Improvement of transportation cost estimation for prefabricated construction using geo-fence-based large-scale GPS data feature extraction and support vector regression

Sang Jun Ahn, Sang Uk Han, Mohamed Al-Hussein

Research output: Contribution to journalArticle

Abstract

In panelized construction, transportation is an essential process linking a manufacturing facility to a project's jobsite using hauling equipment (e.g., trucks and trailers). Accordingly, the cost associated with transportation operations is considerable compared to a traditional stick build. Nevertheless, transportation cost estimation has often relied on a fixed-cost approach, regarding the cost as part of the overhead cost, rather than conducting detailed estimation of actual transportation operations. This is because operation-level data might be challenging to collect and analyze in practice. In this regard, the prevalent use of GPS devices for construction equipment may provide an automated means of monitoring the operations of transportation equipment, and large and detailed spatial and temporal data can be generated from multiple pieces of equipment in multiple construction projects on a daily basis or even in real time. This study thus proposes a spatial and temporal data filtering and abstracting approach to transportation cost estimation using fleet GPS data which extracts equipment activities from the GPS data and accordingly predicts the transportation demands required for an individual project. From large-scale GPS data, key operation information, such as the number of trailers and durations required (i.e., transportation demands), is extracted using a geo-fence and a rule-based equipment operation analysis algorithm. Then, the extracted transportation demand information, along with related project specifications, is used to train support vector regression (SVR) models for the purpose of predicting the transportation demand in new projects, which is in turn utilized to estimate the transportation cost using the relevant transportation unit cost of the equipment. To evaluate the performance, GPS datasets collected from 221 panelized residential projects over a period of 8 months are used to train the prediction model and are compared with actual transportation costs estimated in practice. The results show that the SVR model has an accuracy of 86% and 88% in predicting the number of trailers and the duration, respectively. For the cost estimation performance, the results reveal that the average cost difference of 57% between the fixed cost and the actual transportation cost was reduced to 14% by implementing the GPS-data-based method in various project locations and for projects of various sizes. The GPS-data-based estimation approach thus is found to provide a more accurate transportation cost estimation result for various panelized construction projects, and the method improves the understanding of large-scale spatial and temporal equipment data while increasing the utilization of the GPS data already available.

Original languageEnglish
Article number101012
JournalAdvanced Engineering Informatics
Volume43
DOIs
StatePublished - 2020 Jan

Fingerprint

Prefabricated construction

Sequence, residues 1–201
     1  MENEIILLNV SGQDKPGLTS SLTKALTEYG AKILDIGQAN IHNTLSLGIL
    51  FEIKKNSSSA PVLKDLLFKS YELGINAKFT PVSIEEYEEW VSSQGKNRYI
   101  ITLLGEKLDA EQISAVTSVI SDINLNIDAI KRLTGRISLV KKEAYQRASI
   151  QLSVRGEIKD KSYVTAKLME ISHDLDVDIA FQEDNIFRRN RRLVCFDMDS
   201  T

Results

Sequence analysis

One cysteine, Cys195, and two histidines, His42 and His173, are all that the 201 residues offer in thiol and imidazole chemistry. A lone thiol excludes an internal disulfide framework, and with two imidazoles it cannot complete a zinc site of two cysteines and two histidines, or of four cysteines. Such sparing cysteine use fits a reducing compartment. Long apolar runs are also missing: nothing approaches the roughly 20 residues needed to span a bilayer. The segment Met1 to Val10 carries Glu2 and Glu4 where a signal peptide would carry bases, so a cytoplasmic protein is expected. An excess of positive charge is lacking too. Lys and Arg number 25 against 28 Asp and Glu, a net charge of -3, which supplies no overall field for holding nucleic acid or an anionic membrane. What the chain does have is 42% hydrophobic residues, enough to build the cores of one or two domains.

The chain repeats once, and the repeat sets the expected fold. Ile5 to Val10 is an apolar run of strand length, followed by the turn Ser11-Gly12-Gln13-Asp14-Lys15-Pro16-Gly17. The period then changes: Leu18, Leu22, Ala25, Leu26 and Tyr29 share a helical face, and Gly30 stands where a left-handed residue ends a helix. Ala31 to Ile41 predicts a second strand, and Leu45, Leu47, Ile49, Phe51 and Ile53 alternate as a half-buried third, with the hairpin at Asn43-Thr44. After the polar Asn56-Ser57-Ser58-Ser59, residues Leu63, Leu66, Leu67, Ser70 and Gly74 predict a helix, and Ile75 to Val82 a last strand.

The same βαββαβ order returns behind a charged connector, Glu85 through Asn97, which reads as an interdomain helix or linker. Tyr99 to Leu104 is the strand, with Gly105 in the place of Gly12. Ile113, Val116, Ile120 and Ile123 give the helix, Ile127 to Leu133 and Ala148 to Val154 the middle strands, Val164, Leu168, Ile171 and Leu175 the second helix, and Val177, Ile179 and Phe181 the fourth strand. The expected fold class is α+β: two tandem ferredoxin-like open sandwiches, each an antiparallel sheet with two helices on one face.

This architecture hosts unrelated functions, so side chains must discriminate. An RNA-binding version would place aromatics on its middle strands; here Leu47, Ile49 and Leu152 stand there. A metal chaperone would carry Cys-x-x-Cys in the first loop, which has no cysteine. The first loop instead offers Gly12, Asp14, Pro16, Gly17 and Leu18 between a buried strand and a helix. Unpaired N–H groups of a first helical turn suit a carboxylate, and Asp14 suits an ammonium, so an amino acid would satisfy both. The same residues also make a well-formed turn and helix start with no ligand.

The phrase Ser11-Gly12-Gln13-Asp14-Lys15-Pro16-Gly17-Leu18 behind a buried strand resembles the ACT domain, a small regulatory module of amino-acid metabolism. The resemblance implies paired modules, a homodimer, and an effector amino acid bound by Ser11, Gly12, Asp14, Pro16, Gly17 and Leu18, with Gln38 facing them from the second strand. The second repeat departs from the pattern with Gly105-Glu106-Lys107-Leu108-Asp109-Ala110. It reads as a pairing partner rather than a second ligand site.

Fences
Global positioning system
Feature extraction
Costs
Light trailers
Construction equipment

Keywords

  • Fleet activity recognition
  • Global positioning system (GPS) data
  • Panelized construction
  • SVR
  • Transportation cost

Cite this

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title = "Improvement of transportation cost estimation for prefabricated construction using geo-fence-based large-scale GPS data feature extraction and support vector regression",
abstract = "In panelized construction, transportation is an essential process linking a manufacturing facility to a project's jobsite using hauling equipment (e.g., trucks and trailers). Accordingly, the cost associated with transportation operations is considerable compared to a traditional stick build. Nevertheless, transportation cost estimation has often relied on a fixed-cost approach, regarding the cost as part of the overhead cost, rather than conducting detailed estimation of actual transportation operations. This is because operation-level data might be challenging to collect and analyze in practice. In this regard, the prevalent use of GPS devices for construction equipment may provide an automated means of monitoring the operations of transportation equipment, and large and detailed spatial and temporal data can be generated from multiple pieces of equipment in multiple construction projects on a daily basis or even in real time. This study thus proposes a spatial and temporal data filtering and abstracting approach to transportation cost estimation using fleet GPS data which extracts equipment activities from the GPS data and accordingly predicts the transportation demands required for an individual project. From large-scale GPS data, key operation information, such as the number of trailers and durations required (i.e., transportation demands), is extracted using a geo-fence and a rule-based equipment operation analysis algorithm. Then, the extracted transportation demand information, along with related project specifications, is used to train support vector regression (SVR) models for the purpose of predicting the transportation demand in new projects, which is in turn utilized to estimate the transportation cost using the relevant transportation unit cost of the equipment. To evaluate the performance, GPS datasets collected from 221 panelized residential projects over a period of 8 months are used to train the prediction model and are compared with actual transportation costs estimated in practice. The results show that the SVR model has an accuracy of 86{\%} and 88{\%} in predicting the number of trailers and the duration, respectively. For the cost estimation performance, the results reveal that the average cost difference of 57{\%} between the fixed cost and the actual transportation cost was reduced to 14{\%} by implementing the GPS-data-based method in various project locations and for projects of various sizes. The GPS-data-based estimation approach thus is found to provide a more accurate transportation cost estimation result for various panelized construction projects, and the method improves the understanding of large-scale spatial and temporal equipment data while increasing the utilization of the GPS data already available.",